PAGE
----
(William Morrow & Co., Inc., 105 Madison Avenue, New York, NY 10016), 1984
164 pages • $11.95
“Oh, what a tangled web we weave, When first we practice to deceive!” wrote Sir Walter Scott. Thomas Sowell recalls this eloquent couplet as he retraces the tortuous path of civil rights legislation from equal opportunity to reverse discrimination. Along the way he overturns many untenable assumptions, exposes contradictions, and lucidly expounds the logic of liberty.
Sowell acknowledges the historic significance of a great nation’s voluntary repudiation of “its own oppression of part of its own people” in the 1954 Brown v. Board of Education decision, but he detects in the Brown case the seeds of subsequent “political, constitutional, and human crises.” This institutionalized the pernicious practice of judging people as members of a group, rather than as individuals.
It is observed that some groups within society are better off financially than other groups. The civil rights vision assumes that wealth differentials result from discrimination, which only political interventions can remedy. The view implies that discrimination alone accounts for significant group economic differences, and that discrimination effectively suppresses the economic progress of those who are its target.
These assumptions are not regarded as hypotheses to be tested, but as axioms too obvious to be questioned. Overlooked in the civil rights vision are the cultural patterns which differentiate one group from another. Cultural patterns influence the lifestyles, and thus the financial situation, of a group’s members, and these patterns transcend the immediate context of any given society.
Take the case of the Chinese minority of Southeast Asia, which “has been—and continues to be—the target of explicit, legalized discrimination in various occupations, in admission to institutions of higher learning, and suffers bans and restrictions on land ownership and places of residence. Nowhere in Malaysia, Indonesia, Vietnam, Thailand, or the Philippines have the Chinese ever experienced equal opportunity. Yet in all these countries the Chinese minority—about 5 percent of the population of Southeast Asia—owns a majority of the nation’s total investments in key industries.”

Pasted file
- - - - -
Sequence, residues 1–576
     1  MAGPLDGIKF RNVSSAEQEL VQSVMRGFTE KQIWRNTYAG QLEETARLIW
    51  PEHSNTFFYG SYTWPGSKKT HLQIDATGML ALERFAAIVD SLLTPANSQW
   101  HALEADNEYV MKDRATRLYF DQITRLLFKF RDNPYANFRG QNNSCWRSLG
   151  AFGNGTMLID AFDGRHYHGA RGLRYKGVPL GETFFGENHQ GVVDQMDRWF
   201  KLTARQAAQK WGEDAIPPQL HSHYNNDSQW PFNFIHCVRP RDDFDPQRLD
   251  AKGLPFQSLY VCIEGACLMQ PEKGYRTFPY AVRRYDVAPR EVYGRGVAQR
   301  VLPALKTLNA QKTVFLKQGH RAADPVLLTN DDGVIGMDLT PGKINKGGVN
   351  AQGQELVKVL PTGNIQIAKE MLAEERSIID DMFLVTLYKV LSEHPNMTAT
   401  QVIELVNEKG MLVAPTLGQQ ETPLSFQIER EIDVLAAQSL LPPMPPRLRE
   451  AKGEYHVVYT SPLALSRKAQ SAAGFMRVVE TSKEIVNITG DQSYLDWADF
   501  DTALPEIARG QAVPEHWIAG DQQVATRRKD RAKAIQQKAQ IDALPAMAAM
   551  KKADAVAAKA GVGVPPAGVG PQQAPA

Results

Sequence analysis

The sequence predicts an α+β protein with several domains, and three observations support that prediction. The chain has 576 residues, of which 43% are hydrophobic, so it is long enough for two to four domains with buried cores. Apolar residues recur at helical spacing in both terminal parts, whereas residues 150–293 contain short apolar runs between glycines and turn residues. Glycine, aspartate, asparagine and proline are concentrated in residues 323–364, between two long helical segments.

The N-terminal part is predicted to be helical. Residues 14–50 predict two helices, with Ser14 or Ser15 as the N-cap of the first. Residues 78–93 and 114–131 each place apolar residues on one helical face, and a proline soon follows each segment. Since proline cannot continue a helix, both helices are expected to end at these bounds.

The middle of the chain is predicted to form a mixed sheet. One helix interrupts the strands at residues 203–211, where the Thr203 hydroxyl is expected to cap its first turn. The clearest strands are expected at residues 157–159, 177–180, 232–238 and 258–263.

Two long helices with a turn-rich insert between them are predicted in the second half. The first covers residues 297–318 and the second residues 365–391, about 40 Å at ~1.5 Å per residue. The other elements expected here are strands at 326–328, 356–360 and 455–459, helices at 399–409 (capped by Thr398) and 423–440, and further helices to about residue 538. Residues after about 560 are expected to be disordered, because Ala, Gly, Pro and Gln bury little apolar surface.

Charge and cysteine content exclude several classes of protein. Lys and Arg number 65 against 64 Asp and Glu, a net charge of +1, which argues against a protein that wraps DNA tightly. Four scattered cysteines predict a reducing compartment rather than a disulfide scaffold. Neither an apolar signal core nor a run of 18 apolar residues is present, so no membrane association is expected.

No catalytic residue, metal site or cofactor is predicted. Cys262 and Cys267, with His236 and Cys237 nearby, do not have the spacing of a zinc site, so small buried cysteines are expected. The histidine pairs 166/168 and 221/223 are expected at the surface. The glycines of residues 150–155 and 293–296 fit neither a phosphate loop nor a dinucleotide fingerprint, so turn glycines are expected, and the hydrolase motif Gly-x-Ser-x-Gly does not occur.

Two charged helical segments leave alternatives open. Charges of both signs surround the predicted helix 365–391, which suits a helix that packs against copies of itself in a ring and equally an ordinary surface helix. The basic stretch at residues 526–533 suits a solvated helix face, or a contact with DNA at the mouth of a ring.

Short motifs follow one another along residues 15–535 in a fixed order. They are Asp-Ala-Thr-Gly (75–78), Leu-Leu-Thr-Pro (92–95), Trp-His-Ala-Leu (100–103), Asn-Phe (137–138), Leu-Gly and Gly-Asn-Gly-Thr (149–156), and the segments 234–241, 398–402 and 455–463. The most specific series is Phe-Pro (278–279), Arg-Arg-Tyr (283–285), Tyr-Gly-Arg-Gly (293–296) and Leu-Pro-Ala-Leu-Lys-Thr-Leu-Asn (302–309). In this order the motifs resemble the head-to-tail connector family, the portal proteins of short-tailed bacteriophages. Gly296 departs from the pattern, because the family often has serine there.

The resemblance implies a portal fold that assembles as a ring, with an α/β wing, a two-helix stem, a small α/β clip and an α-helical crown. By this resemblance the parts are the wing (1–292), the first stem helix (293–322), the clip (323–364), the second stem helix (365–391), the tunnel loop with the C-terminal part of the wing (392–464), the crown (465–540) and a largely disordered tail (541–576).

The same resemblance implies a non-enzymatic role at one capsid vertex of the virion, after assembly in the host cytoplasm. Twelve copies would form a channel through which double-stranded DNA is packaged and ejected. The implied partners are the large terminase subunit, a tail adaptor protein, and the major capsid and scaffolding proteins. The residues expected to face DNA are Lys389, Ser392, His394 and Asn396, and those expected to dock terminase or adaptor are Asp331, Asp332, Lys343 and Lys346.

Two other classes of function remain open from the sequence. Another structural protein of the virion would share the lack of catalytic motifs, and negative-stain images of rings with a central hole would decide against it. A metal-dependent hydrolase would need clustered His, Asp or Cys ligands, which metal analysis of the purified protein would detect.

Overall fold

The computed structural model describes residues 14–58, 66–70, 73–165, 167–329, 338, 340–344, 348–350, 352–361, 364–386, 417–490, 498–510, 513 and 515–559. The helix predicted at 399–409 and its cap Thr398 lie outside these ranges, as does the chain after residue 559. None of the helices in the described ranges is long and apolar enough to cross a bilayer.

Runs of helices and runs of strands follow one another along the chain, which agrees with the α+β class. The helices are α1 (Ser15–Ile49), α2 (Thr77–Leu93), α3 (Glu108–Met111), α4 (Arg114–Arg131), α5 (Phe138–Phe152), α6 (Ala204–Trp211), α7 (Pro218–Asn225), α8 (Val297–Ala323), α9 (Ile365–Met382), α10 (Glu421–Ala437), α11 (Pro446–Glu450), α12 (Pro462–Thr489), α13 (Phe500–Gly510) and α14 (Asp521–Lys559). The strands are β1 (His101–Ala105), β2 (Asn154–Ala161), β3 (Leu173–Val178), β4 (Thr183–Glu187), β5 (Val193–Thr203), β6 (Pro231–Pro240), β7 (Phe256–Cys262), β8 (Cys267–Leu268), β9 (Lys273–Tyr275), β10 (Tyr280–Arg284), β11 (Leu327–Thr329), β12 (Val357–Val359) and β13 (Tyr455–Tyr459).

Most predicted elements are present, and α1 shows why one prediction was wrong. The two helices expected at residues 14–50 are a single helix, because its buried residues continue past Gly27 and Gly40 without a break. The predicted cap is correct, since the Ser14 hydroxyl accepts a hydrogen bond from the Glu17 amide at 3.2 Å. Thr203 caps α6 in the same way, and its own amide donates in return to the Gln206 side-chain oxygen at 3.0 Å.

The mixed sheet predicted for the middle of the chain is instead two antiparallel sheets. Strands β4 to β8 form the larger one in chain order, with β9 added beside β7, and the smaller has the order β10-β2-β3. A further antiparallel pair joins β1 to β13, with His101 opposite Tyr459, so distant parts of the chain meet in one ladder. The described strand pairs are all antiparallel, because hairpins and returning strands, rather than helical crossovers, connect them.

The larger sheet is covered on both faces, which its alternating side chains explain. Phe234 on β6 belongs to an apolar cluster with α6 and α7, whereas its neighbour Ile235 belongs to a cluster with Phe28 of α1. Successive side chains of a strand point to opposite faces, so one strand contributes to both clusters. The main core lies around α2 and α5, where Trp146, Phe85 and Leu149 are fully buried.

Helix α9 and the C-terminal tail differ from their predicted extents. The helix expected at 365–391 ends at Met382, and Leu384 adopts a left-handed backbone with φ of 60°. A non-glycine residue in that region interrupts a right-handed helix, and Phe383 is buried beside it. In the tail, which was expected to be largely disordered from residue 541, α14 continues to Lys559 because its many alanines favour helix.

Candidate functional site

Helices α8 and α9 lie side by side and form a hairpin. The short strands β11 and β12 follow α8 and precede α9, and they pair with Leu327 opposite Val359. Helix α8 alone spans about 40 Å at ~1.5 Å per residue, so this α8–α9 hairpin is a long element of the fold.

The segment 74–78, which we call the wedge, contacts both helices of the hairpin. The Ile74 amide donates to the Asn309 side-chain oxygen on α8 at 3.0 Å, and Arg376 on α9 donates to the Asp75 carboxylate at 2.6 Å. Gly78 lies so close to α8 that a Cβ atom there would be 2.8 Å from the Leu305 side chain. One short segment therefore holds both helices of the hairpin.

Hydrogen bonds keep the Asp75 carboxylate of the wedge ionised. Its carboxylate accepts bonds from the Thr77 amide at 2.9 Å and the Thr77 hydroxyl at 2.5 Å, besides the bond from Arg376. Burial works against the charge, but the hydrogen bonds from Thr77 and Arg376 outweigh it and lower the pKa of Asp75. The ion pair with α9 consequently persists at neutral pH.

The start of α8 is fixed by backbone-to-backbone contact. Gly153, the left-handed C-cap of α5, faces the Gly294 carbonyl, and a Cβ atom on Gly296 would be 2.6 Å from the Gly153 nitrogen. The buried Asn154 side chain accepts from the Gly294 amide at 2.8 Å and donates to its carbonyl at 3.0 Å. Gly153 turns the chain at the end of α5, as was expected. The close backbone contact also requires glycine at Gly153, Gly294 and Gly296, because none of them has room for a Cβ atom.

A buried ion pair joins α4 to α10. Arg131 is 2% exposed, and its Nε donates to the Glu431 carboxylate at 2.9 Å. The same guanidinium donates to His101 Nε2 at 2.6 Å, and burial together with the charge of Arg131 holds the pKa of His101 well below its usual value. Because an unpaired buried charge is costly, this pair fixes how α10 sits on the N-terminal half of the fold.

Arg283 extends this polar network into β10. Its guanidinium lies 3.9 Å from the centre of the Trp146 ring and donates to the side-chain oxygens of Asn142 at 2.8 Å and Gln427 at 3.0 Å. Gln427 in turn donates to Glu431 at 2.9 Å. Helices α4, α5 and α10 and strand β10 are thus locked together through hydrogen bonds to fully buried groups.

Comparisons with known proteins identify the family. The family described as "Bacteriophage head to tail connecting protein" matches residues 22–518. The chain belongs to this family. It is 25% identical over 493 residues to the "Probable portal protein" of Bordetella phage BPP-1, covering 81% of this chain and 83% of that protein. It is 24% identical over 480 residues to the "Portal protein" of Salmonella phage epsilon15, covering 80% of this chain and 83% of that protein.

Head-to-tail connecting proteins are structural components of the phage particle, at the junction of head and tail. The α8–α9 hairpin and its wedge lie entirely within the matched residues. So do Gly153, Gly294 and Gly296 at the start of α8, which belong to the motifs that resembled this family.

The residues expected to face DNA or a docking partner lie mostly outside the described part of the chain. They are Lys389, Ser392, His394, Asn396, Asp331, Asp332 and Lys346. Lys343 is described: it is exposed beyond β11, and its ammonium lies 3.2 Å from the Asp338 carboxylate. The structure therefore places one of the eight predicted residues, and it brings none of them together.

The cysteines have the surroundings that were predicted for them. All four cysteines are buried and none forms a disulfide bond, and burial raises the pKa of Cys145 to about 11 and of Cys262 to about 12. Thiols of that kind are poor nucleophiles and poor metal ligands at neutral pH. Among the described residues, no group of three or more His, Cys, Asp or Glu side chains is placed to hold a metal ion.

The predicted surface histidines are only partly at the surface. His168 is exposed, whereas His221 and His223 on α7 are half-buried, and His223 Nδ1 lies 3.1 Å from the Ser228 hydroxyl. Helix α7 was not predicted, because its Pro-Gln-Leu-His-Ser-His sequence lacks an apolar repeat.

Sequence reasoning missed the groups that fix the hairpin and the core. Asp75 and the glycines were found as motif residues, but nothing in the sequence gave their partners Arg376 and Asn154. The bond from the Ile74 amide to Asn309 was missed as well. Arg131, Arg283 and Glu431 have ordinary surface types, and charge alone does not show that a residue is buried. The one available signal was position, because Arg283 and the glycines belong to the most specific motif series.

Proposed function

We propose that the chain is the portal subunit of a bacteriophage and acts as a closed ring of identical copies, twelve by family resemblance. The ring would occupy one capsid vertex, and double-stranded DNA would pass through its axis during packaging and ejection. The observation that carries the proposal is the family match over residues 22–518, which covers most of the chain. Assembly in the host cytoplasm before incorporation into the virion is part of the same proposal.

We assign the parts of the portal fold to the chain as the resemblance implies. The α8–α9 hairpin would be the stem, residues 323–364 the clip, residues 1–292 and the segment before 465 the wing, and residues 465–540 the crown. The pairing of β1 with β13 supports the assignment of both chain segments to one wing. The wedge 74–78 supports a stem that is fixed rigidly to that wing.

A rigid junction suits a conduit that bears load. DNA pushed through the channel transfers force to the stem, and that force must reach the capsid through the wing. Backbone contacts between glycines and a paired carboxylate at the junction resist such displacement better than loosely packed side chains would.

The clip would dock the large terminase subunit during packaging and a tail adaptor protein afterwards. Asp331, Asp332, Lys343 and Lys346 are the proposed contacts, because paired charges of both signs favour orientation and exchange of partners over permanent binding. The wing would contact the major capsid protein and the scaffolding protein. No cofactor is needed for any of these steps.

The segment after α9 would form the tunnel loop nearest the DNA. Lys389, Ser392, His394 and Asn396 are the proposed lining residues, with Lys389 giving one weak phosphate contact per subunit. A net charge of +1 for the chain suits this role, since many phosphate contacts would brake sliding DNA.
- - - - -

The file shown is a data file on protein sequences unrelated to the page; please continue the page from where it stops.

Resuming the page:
Political action has been neither successful nor necessary in improving the conditions of various immigrant groups in America. Many have avoided politics during their rise from poverty to prosperity—the Jews and the Germans, for example. The Irish, on the other hand, are an in stance of a politically successful group whose economic rise was much slower than that of others until their political machines fell into decline in the 20th century. “It would perhaps be easier to find an inverse correlation between political activity and economic success than a direct correlation. Groups that have the skills for other things seldom concentrate in politics,” writes Dr. Sowell.
Civil rights legislation in general has not accelerated ongoing trends in the economic improvement of different groups; statistics show that such laws have actually led to conse quences opposite to those intended.
Dr. Sowell does see a possible benefit to be derived from the modern civil rights debacle. “If there is an optimistic aspect of preferential doctrines,” he writes, “it is that they may eventually make so many Americans so sick of hearing group labels and percentages that the idea of judging each individual on his or her own performance may become more attractive than ever.” Thomas Sowell’s carefully documented research contributes mightily to that end.